September 28, 2017
Profit strategies for snow
BY MARK BRADLEY
Competition is ramping up in the snow industry. The number of contractors getting into snow and ice is growing, and yet the number of events — and their severity — seem to be declining. With supply up and demand down, your company is going to have to up its game to win in the snow industry.
In our travels across North America teaching snow and ice business workshops, we’ve met thousands of snow contractors and thought we might share some of the trends and business practices emerging among industry leaders.
Sell the right jobs
Net and gross profit are tempting numbers to zone-in on, but they don’t tell the whole story. You can make good gross and net profits on labour rates in snow. Your true cost of labour is roughly half the billing rate — so the margins look great. But don’t forget that labour is the single hardest factor to manage in snow. Turnover is high, availability is spotty and the work is challenging.
SOLUTION: Successful companies are targeting jobs that use less labour, more equipment, and more salt. Your margins may not look as strong, but any time you can increase job revenues with fewer people, you are headed in the right direction.
Estimate and sell route density
The more unbillable time you have, the smaller your margins. Even if you priced all your work for profit, if you have too much prep and drive time, you will have little left over at the end of the year. And for plow trucks and on-road equipment, you can’t underestimate the cost of this unbillable time. It includes:
- Inspecting and prepping equipment at the yard.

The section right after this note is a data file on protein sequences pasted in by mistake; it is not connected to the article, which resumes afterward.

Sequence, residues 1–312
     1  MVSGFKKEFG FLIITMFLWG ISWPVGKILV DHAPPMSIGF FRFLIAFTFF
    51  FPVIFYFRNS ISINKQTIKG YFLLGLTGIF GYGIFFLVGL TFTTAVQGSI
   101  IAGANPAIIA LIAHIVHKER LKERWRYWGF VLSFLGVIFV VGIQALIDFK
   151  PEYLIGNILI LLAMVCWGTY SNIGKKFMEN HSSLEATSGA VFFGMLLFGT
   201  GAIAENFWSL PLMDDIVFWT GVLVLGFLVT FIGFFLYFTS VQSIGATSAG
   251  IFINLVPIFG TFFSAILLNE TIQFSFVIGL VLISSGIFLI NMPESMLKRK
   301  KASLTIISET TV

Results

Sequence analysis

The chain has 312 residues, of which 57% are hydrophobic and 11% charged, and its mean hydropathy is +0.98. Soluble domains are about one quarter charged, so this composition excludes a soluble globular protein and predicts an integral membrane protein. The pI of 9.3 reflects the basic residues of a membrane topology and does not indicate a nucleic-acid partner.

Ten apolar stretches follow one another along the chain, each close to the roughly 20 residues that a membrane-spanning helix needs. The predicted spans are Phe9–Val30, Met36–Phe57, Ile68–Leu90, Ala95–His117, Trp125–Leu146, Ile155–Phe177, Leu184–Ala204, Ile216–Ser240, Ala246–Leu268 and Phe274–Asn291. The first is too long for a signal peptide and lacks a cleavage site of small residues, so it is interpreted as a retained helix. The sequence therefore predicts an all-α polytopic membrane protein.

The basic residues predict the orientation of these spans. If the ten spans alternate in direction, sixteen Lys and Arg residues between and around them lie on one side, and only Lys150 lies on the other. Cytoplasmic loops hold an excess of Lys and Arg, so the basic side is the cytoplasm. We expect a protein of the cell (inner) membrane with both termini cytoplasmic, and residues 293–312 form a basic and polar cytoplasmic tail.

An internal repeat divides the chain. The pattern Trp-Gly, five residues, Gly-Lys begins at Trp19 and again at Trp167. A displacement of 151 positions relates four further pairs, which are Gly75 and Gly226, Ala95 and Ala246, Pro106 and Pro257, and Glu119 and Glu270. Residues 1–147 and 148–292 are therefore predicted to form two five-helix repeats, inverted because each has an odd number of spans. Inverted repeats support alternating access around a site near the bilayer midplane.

- Loading with salt.
- Driving to first site.
- Driving between all subsequent sites.
- Refilling with salt (if necessary).
- Driving back to the shop.
- Salt unload, cleanup, parking, paperwork.
SOLUTION: Estimate and sell for route density. Give your estimators and sales staff a means of estimating ‘on the road.’ Drive to areas with current sites, and bang out estimates for neighbouring, non-client sites. Reach out and ask if it’s okay to drop off a proposal. By selling work close to existing work, you will reduce your unbillable time and drive more profits with fewer man hours.
Recover equipment costs
All too many contractors try to keep staff ‘busy’ during the winter, and apply the same logic to their equipment. However, staff get paid with a regular payroll cycle — you don’t forget those costs — but it’s easy to forget, or ignore, the costs of trucks and equipment when estimating. The irony is, snow and ice is hard on equipment, causing more wear and many more repairs compared with summer work. You simply cannot afford to give your equipment away when bidding snow work.
SOLUTION: Learn the cost of your equipment and estimate for it. Even equipment you own still has a cost — you’ve made all the payments! Snow is going to beat your equipment up, and like it or not, a day will come where it needs to be replaced. And don’t forget the cost of fuel, repairs, maintenance and insurance. Your current bids must cover those basic costs, and ensure you are saving for your next, replacement piece.
Train and enforce best practices